Christ our Passover Pascha nostrum
1 Corinthians 5:7‑8; Romans 6:9‑11; 1 Corinthians 15:20‑22
Christ our Passover has been sacrificed for us; *
therefore let us keep the feast,
Not with the old leaven, the leaven of malice and evil, *
but with the unleavened bread of sincerity and truth. Alleluia.
Christ being raised from the dead will never die again; *
death no longer has dominion over him.
The death that he died, he died to sin, once for all; *
but the life he lives, he lives to God.
So also consider yourselves dead to sin, *
and alive to God in Jesus Christ our Lord. Alleluia.
Christ has been raised from the dead, *
the first fruits of those who have fallen asleep.
For since by a man came death, *
by a man has come also the resurrection of the dead.
For as in Adam all die, *
so also in Christ shall all be made alive. Alleluia.
During Easter at Morning Prayer, the BCP recommends substituting the Pascha nostrum for the usual Invitatory Psalm (either Psalm 95 or 100). At St. Timothy’s, we take this a step further and sing a lively Anglican chant setting of this text at the Eucharist from 3 Easter on. It is one of the seasonal joys of the liturgy as offered here, punctuated as it is with its glad 'Alleluias.'
The Pascha nostrum is technically called a cento, a literary work made by sewing together a collection of quotations—a series of verses from St. Paul’s First Letter to the Corinthians and his Letter to the Romans. It has been a part of the Anglican liturgy for Easter since the Reformation of the sixteenth century.
By using it at Morning Prayer, we are emphasizing the unity of the 50 days of Easter—the longest (and oldest) true season of the Liturgical Year. As we progress through the events of Easter Day, through Thomas Sunday, Good Shepherd Sunday, Rogationtide, Ascension, and right into Pentecost, we are not hopping from one “topic” to another, but are entering into a loving and thoughtful contemplation of the mystery of Christ’s Resurrection in its many lights and meanings.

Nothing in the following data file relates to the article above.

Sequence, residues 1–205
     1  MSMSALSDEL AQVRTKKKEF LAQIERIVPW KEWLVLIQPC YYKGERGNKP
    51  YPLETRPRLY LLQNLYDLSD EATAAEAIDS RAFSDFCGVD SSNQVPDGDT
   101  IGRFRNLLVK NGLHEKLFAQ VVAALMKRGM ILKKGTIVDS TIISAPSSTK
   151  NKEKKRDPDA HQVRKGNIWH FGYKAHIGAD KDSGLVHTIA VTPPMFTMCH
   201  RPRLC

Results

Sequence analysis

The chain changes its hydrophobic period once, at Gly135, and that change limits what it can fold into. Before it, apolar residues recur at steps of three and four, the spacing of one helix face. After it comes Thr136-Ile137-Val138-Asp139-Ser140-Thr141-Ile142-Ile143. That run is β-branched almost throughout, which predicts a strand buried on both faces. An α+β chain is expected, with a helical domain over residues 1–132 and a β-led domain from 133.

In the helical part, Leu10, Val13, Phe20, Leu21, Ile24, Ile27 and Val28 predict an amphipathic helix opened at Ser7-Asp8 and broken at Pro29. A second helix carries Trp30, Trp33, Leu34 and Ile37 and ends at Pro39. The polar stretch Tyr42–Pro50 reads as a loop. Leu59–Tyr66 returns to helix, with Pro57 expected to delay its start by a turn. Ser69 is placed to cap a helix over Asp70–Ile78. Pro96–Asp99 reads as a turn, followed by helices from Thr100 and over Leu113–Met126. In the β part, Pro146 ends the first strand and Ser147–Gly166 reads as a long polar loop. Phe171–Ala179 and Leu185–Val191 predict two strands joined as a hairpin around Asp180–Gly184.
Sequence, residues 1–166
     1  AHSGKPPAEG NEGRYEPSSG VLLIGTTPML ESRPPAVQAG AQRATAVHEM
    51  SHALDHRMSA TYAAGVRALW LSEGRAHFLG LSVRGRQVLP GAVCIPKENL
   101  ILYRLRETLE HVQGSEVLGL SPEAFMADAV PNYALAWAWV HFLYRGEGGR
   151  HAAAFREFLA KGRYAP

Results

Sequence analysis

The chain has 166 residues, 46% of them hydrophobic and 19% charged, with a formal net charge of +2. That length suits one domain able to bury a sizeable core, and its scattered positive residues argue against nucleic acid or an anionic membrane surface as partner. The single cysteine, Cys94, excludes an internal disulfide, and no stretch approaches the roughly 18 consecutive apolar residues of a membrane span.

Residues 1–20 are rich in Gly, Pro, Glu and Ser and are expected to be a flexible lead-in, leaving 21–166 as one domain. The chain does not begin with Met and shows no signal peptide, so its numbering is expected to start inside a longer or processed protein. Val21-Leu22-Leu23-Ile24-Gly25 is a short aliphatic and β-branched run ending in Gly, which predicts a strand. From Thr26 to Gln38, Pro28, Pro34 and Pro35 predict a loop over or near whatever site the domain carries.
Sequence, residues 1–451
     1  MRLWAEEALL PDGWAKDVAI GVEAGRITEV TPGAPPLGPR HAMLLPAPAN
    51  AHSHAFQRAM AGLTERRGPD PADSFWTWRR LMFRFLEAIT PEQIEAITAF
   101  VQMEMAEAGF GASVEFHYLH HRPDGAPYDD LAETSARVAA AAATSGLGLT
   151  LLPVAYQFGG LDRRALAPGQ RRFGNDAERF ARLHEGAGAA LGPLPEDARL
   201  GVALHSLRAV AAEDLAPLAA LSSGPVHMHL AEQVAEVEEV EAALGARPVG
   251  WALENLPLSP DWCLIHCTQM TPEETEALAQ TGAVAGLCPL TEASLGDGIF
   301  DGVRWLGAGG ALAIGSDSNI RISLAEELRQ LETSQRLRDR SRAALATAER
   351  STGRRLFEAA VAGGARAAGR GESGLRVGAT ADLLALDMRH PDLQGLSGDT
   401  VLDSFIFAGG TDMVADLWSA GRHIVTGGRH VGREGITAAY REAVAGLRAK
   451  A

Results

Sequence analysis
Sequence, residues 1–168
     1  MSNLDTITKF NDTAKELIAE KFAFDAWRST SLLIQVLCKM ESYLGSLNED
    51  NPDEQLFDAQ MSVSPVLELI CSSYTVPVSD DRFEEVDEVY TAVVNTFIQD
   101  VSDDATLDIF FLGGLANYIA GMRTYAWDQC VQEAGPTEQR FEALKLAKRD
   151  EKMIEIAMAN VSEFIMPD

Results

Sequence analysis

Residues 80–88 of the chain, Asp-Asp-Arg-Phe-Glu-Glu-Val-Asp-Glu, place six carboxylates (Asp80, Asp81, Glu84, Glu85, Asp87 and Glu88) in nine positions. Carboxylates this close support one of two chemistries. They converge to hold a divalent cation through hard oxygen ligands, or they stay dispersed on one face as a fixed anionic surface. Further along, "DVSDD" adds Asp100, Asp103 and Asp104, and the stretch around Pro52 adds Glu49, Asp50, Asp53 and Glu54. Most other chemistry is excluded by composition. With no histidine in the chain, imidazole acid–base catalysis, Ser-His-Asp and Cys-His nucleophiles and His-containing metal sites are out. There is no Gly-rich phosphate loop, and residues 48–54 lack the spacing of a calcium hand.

Some people, when using the Pascha nostrum at Morning Prayer, will say it for Easter Week, others for the whole 50 days. Some use it on Sundays only, or just until Ascension Day, moving back to the Venite (Psalm 95) with its appropriate antiphon and marking the transition of character in late Eastertide. There is no “one way” to use it, though the rubrics do give us some direction. The point to be remembered is that the Pascha nostrum underscores the power of Christ’s rising as a complete break with the old life…something that each Christian must not only celebrate at Eastertide, but learn to live in the daily life of discipleship.
Praying these words will, at times, cast the light of the Resurrection on those corners of our life we are still trying to live the old way, with “the leaven of malice and evil.” For that knowledge we need to give thanks: it is the active work of the Spirit in our life as Christians this Eastertide and always.